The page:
Sufferers with substance use and mood problems frequently experience more severe symptoms than those of either disorder alone. It’s typical to attempt to treat a substance use disorder first before tackling a mood disorder. Studies have, however, demonstrated that treating both disorders concurrently improves patient outcomes.
4. Post-Traumatic Stress Disorder (PTSD)
When a person goes through stressful, even potentially life-threatening, situations, post-traumatic stress disorder (PTSD) can result. War, violence, and auto accidents are a few examples. People who have PTSD frequently have flashbacks and night terrors. Some sufferers decide to use medications or alcohol to treat their symptoms, which can further disturb their sleep and emotional equilibrium. A person with post-traumatic stress disorder (PTSD) produces fewer endorphins than a person with a healthy brain, which increases the likelihood that they would turn to alcohol or drugs in order to feel happy. Nearly 75% of troops and veterans who encounter a traumatic or violent event while in the battle report abusing alcohol repeatedly, according to the US Department of Veterans Affairs.
If you’re struggling, find a mental health professional that treats PTSD
A severe mental illness called schizophrenia makes a person experience hallucinations, psychosis, delusions, and disordered thinking. It’s normal for schizophrenics to lose the ability to discriminate between reality and fiction and to cope with these experiences, many people with this disease turn to drugs or alcohol.
If you’re struggling, find a mental health professional that treats schizophrenia
6. Attention Deficit Hyperactivity Disorder (ADHD)
Children and young adults with attention deficit hyperactivity disorder (ADHD) are frequently diagnosed. Focus issues, impulsivity, and hyperactive conduct are its hallmarks. People with this illness are frequently prescribed stimulant-containing prescription drugs. Young adults who have started abusing their prescription pharmaceuticals are common, as are those who use alcohol or other substances as a kind of self-medication to numb their symptoms.
If you’re struggling, find a mental health professional that treats ADHD
7. Personality Disorders
People with personality disorders tend to have negative ideas and actions, which have an impact on their relationships and daily lives. Borderline personality disorder, antisocial personality disorder, and narcissistic personality disorder are prevalent personality disorders that co-occur with substance use problems, with borderline and antisocial personality disorders being the most frequent. People with drug use disorders are more likely than those with alcohol use disorders to also have personality problems and substance abuse disorders. A personality disorder frequently follows a substance use disorder, which accounts for the high rate of dual diagnosis.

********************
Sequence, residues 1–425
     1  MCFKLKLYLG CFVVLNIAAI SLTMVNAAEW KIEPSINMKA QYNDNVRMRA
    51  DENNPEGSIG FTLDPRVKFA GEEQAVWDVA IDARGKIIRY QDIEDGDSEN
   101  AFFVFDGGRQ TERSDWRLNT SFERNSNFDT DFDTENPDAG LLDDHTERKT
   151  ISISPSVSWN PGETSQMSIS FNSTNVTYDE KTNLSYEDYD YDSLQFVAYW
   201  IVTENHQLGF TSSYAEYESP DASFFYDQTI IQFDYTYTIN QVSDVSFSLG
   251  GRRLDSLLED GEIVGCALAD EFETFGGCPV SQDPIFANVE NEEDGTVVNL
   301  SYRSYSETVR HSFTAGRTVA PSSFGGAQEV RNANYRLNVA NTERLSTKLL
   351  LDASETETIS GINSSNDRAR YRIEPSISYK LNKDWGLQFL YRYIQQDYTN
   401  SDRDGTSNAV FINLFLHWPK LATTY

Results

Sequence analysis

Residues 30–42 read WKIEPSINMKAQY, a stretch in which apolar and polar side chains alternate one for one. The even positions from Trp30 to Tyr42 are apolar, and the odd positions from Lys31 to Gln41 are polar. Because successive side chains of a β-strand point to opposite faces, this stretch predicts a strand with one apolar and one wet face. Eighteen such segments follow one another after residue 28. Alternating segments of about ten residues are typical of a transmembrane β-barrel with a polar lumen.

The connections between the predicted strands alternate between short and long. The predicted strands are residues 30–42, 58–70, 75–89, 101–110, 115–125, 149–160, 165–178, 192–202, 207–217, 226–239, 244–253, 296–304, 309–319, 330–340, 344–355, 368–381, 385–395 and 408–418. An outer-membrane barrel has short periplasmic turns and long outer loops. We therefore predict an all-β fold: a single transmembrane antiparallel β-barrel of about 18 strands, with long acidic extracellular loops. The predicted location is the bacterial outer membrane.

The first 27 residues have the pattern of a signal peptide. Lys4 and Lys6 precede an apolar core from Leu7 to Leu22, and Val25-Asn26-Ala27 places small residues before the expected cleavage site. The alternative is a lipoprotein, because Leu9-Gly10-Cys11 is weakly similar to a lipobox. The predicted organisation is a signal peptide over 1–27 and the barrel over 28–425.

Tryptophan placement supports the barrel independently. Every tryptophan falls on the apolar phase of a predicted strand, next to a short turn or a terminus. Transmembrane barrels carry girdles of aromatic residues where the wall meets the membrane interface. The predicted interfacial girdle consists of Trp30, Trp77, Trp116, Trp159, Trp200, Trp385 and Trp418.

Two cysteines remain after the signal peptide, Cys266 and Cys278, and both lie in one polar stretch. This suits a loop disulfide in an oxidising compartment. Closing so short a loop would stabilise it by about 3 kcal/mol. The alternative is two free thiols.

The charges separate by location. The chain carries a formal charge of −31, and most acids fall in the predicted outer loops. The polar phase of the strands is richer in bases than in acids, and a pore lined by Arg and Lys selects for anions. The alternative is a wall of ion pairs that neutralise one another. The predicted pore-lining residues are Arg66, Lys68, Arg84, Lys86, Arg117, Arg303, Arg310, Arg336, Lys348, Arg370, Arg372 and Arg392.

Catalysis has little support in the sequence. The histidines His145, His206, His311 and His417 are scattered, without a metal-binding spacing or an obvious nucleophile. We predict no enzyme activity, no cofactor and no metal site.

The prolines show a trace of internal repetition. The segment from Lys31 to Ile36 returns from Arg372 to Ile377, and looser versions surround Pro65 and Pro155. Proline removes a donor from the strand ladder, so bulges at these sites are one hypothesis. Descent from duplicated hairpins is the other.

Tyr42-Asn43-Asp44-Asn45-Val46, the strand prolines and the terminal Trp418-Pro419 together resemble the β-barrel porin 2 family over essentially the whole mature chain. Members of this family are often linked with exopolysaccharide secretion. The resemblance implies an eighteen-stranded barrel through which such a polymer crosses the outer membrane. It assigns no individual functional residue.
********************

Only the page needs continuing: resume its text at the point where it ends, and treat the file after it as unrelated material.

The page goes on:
If you’re struggling, find a mental health professional that treats personality disorders
Treatment for Co-occurring Disorders
The best approach is the seek addiction rehabs that offer dual diagnosis addiction treatment programs. Such programs target both your mental and physical health. Treatment can start as soon as a specialist issues a formal diagnosis. The symptoms of sufferers who are dealing with both a mental health condition and a substance abuse disease are frequently more severe, long-lasting, and treatment-resistant than those of either disorder alone. Together, the two diseases can be treated more effectively because it is acknowledged that they both have a significant impact on the person’s life.
Common symptoms of the diseases, such as poor mood or issues with impulse control, are frequently the focus of treatment. A dual diagnosis of substance misuse and another mental disease presents the person, their friends, and their family with a variety of difficulties. The presence of a dual diagnosis may make the treatment plan slightly more challenging, but with improved knowledge and education, this difficult condition can be successfully treated and cured. If you are worried about the expenses, know that most insurance providers cover dual diagnosis addiction treatment.
Final Thoughts on Co-Occurring Disorders
An individual with a dual diagnosis has both a mental illness and a drug or alcohol issue. These circumstances regularly coexist. The use of drugs or alcohol may alter the brain in ways that increase your risk of developing a mental illness. A substance use disorder will occur in about half of people with a mental disorder at some point in their lives, and vice versa. The two disorders can exacerbate each other. Alcohol or narcotics may be used by people with mental illnesses in an effort to feel better momentarily. Additionally, mental illnesses may alter your brain in a way that increases your risk of developing an addiction. A person with two diagnoses must manage both ailments. You must give up alcohol and drugs for the treatment to be effective. Medicines and behavioral therapy are possible treatment options. Assistance groups can also provide you with social and emotional support. They serve as a forum for exchanging advice on how to handle everyday difficulties.